10 Fascinating Facts About Mayan Ruin Iximche, Guatemala
The ruins of Iximche Guatemala are a small archeological site in the western highlands of Guatemala. This hidden gem about two hours away from Guatemala City holds much importance for the history of not only Guatemala but all of Central America. That’s why these Mayan ruins were declared a national monument in the 1960s.
Read this article to dig out some fascinating information about the Iximche Mayan ruins in Guatemala!
A Brief History of Iximche
Between the late 1400s and early 1500s, Iximche was the capital city of the Kaqchikel Maya. For many years, the Kaqchikel and another Mayan tribe called the K’iche got along but eventually they started to have some conflicts.
The Kaqchikel tribe had to flee to a more secure region. They moved to a ridge surrounded by ravines for safety, and that is how Iximche was founded.
The location of Iximche helped protect the Kaqchikel until the Spanish conquerors reached Mexico and they started to have serious problems. Conquistador Pedro de Alvarado arrived in 1524 and started to make abusive and excessive demands of his Kaqchikel hosts. They left the city that had been declared the first capital of the Kingdom of Guatemala. It was burned to the ground two years later.
They moved to another Kaqchikel town not far from Iximche, where hostilities continued. In 1530, the Kachikel surrendered, and the Spanish conquerors founded a new capital without the Maya people. This site, now known as Ciudad Vieja, is close to Antigua Guatemala.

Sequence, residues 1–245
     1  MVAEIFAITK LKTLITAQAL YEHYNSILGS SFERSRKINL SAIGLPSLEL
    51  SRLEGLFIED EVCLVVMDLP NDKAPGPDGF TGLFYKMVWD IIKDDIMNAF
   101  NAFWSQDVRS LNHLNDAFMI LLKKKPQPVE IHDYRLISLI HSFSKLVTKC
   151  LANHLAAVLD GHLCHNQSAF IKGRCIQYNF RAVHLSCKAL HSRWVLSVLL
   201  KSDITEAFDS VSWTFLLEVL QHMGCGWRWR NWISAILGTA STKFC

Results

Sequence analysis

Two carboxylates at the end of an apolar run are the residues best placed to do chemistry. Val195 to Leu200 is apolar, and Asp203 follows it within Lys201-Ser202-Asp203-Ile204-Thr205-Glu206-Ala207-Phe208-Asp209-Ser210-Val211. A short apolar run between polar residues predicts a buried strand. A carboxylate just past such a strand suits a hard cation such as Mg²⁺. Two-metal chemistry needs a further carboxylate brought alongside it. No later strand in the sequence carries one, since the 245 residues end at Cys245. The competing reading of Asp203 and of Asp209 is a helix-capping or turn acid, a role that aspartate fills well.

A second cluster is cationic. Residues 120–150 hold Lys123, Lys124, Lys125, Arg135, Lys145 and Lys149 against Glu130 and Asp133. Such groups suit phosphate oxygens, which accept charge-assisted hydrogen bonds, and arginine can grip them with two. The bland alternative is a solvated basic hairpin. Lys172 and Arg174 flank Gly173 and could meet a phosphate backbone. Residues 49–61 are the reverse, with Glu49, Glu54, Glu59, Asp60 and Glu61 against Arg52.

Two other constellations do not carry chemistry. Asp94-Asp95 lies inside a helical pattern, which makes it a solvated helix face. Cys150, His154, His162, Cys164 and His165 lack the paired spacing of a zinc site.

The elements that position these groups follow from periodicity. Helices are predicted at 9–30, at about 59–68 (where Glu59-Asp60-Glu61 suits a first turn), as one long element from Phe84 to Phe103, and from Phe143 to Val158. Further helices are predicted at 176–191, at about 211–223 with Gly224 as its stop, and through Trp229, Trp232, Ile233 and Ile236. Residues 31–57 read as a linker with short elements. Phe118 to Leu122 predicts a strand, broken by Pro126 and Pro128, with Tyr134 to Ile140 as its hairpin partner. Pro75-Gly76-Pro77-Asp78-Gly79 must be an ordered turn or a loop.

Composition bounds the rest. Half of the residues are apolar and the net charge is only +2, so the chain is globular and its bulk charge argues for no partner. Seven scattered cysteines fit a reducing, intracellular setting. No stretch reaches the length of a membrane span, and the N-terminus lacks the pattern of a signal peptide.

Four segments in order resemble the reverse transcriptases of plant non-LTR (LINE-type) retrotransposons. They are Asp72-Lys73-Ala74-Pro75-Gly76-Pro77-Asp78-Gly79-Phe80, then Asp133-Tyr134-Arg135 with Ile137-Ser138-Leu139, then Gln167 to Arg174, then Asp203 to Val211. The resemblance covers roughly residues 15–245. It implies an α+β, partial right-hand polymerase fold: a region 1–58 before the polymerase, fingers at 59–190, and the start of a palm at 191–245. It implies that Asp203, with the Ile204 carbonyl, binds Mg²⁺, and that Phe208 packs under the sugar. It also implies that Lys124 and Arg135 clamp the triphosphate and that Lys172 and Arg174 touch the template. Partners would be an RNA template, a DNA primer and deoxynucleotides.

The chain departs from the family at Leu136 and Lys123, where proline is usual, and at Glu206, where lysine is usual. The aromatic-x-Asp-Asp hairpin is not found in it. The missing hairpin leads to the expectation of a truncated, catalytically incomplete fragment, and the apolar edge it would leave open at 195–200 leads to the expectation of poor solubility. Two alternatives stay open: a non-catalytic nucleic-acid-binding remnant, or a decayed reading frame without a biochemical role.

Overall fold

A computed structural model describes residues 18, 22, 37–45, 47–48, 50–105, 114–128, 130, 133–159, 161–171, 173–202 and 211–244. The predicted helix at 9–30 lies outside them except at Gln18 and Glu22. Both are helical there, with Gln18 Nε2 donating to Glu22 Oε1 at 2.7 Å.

Bonus: check out Radio Iximche and listen to the Kaqchikel language.
10 Fascinating Facts About Mayan Ruin Iximche, Guatemala
Because Iximche Guatemala originally belonged to the Mayan civilization, it is full of wonder and is considered sacred by many due to the rituals and ceremonies that were held there.
Let’s explore more fascinating facts about these ruins and photos of this magical place called Iximche!
1. Iximche Guatemala was rediscovered.
After laying dormant for countless generations, Iximche Guatemala was rediscovered in the 17th century by an explorer. Excavations and studies at the site continued until the 1940s. Archaeologists continue to discover the remains of rituals performed by the Maya.
2. Iximche was a hiding place.
The Kaqchickel chose this spot because it served as a hiding place. It was used as such not only by the ancient Maya but also by guerrillas in the 20th century. It’s now a peaceful archaeological site that includes a small museum and stone structures used for ceremonies.
3. It used to be called Quauhtemallan.
When the Spanish conquistadors took the city, they changed its name to Quauhtemallan. It later evolved into Guatemala, which eventually became the name of the country. The name means forested lands.
Four plazas have been partially excavated. The whole site has open fields with views of the former building blocks. Over the centuries, nature has taken back one of the most important Mayan cities.
4. Iximche has a small museum.
Iximche Guatemala features a small museum with artifacts, maps, interesting historical information, and human remains that were uncovered by archeologists.
5. What remains are ceremonial ares, temples, and ball courts.